This post quickly covers how I disabled (removed) the IR LEDs on several Tapo C110 cameras I own. This was to use them behind a window without the IR LEDs’ glare ruining the video. The Tapo C110 is an excellent small WiFi security camera, boasting up to 2K resolution, local continuous SD card recording, and two local RSTP streams. Most importantly, it works perfectly fine without an internet connection once configured, fitting my use-case. A significant drawback of the camera is the need to completely disable the night vision mode to turn off the IR LEDs. This means you can’t use the night vision mode while the camera is behind a window. Thankfully its easy to disable Tapo camera IR LEDs!
The Official (lack of a) Solution
A discussion has been ongoing since 2021 on the TP-Link forum regarding this issue. The official TP-Link support recommends disabling night vision mode entirely. Meanwhile, the most popular suggestion among forum users involves covering the LEDs with tape. However, this is often ineffective due to light leaking around and through the tape since the LEDs are inset. My guess for why this hasn’t been addressed with a straightforward firmware update is that the camera’s design links the digital output controlling the IR filter to the IR LEDs. As a result, they cannot be independently deactivated, representing a significant design flaw if true!
Opening the Camera
Opening the camera is just a matter of using a prying tool along the front edge of the camera and the front plate will pop off — there are four clips, one along each side. It’s okay to use a bit of force, you won’t break it (don’t quote me on that). Conveniently, the LEDs are on a daughter board that connects to the PCB.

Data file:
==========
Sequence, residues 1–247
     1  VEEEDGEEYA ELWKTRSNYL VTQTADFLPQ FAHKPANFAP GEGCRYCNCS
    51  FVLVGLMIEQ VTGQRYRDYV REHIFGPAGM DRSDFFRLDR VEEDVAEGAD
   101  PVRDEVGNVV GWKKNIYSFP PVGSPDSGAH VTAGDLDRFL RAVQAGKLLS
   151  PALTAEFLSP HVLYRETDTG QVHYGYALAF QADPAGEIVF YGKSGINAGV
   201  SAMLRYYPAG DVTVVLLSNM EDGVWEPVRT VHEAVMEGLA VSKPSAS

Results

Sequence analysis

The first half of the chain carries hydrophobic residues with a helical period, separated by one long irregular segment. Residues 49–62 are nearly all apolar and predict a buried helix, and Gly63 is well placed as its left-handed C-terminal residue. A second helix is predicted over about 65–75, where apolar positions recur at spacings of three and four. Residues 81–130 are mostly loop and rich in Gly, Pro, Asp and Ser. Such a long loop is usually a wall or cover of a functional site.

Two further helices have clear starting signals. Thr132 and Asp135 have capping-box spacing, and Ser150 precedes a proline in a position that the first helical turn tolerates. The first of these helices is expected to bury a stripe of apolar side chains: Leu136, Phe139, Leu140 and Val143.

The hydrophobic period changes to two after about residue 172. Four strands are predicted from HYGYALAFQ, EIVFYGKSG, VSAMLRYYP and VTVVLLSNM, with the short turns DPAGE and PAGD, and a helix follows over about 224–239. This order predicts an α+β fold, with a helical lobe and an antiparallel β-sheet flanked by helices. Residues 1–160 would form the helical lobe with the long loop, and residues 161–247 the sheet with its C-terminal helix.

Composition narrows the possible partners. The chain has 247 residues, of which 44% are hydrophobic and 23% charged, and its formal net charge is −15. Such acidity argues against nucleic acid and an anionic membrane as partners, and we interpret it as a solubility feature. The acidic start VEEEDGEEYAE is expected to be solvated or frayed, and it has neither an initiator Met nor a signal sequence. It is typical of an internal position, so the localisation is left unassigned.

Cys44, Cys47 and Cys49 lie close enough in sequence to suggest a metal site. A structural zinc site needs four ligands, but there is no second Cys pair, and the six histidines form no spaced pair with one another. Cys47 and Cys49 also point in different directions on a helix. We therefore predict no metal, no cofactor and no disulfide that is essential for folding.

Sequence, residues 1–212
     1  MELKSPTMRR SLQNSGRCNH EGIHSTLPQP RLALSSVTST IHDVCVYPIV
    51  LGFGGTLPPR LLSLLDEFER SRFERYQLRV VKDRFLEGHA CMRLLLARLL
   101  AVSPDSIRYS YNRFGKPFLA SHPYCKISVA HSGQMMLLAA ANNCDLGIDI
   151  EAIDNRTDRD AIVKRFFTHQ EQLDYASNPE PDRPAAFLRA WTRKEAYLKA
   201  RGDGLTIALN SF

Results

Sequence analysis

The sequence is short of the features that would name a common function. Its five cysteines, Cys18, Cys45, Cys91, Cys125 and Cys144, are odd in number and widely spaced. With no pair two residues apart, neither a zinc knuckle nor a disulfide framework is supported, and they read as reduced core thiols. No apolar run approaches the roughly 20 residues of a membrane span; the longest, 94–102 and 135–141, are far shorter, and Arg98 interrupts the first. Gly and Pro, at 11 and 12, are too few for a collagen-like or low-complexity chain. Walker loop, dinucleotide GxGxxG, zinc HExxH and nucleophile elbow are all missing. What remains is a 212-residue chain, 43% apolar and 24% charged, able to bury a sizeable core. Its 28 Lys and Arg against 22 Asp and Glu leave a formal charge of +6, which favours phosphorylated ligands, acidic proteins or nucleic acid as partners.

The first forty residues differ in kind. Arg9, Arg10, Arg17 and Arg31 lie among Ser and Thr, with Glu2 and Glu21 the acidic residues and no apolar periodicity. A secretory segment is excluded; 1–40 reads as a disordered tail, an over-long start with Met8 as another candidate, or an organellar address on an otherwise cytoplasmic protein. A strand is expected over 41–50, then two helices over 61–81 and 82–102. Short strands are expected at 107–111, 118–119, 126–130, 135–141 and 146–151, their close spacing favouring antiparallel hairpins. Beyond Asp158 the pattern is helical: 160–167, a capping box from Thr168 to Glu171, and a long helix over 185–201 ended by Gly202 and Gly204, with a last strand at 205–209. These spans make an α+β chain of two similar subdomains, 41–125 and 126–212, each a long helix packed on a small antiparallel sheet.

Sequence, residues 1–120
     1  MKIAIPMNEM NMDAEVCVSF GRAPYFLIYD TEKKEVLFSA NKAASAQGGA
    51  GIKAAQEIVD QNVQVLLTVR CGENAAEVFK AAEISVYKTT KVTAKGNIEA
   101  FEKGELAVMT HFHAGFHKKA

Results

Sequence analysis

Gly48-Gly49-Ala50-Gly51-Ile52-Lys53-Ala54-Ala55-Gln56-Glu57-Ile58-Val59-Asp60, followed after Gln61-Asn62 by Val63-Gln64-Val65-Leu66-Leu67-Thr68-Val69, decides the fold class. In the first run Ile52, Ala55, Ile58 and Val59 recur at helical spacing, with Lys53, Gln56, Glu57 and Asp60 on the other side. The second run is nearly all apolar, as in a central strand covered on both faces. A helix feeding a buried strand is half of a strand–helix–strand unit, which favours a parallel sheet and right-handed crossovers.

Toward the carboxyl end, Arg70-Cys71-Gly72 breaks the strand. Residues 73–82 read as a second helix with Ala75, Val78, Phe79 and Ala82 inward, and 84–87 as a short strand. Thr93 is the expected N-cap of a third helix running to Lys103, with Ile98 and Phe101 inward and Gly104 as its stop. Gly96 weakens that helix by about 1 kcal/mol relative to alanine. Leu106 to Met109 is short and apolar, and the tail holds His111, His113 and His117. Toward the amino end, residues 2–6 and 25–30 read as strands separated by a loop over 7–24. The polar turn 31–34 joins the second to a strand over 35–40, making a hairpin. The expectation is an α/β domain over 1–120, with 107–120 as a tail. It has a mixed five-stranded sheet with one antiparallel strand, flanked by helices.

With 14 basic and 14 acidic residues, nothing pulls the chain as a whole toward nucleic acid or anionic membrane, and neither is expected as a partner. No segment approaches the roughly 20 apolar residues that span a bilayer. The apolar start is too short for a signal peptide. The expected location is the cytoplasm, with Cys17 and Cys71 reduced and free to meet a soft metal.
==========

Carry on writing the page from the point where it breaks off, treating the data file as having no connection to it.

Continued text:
The Simple (slightly broken) Solution to Disable Tapo Camera IR LEDs
If you don’t mind losing the microphone and indicator LED you can simply remove the daughter board PCB entirely and the camera will still function. This allows the use of night vision mode without the IR LEDs causing reflections on the glass.
The Less Simple (more functional) Solution to Disable Tapo Camera IR LEDs
A more comprehensive approach involves desoldering the IR LEDs. This is relatively straightforward with tools like a hot air tool, heat gun, toaster oven, or even a stove and pan. I wouldn’t recommend using a soldering iron; the PCB’s heat sink properties mean that the LEDs may be damaged before the solder melts enough. I used a hot air tool on the PCB’s rear, directly behind an LED, and gently pulled on the LED with tweezers. The LEDs detached after a few seconds of heating. KEEP THE LEDs!
There are two hardware versions of the C110. Version 1 has three LEDs, while version 2 has two. I have one of each version, and found the LEDs in both easy to remove.
Reversing the Changes
If you decide to reverse these modifications, you can easily solder the LEDs back on or reattach the PCB. I ultimately reversed this change for all my cameras once they were no longer needed for window surveillance. Resoldering the LEDs is doable without extra solder, but I suggest using at least a bit of flux for better results. I personally applied a small dab of solder paste. For the resoldering process, I used a hot plate. It’s crucial to align the pads on the PCB with that on the LED by size to ensure correct polarity.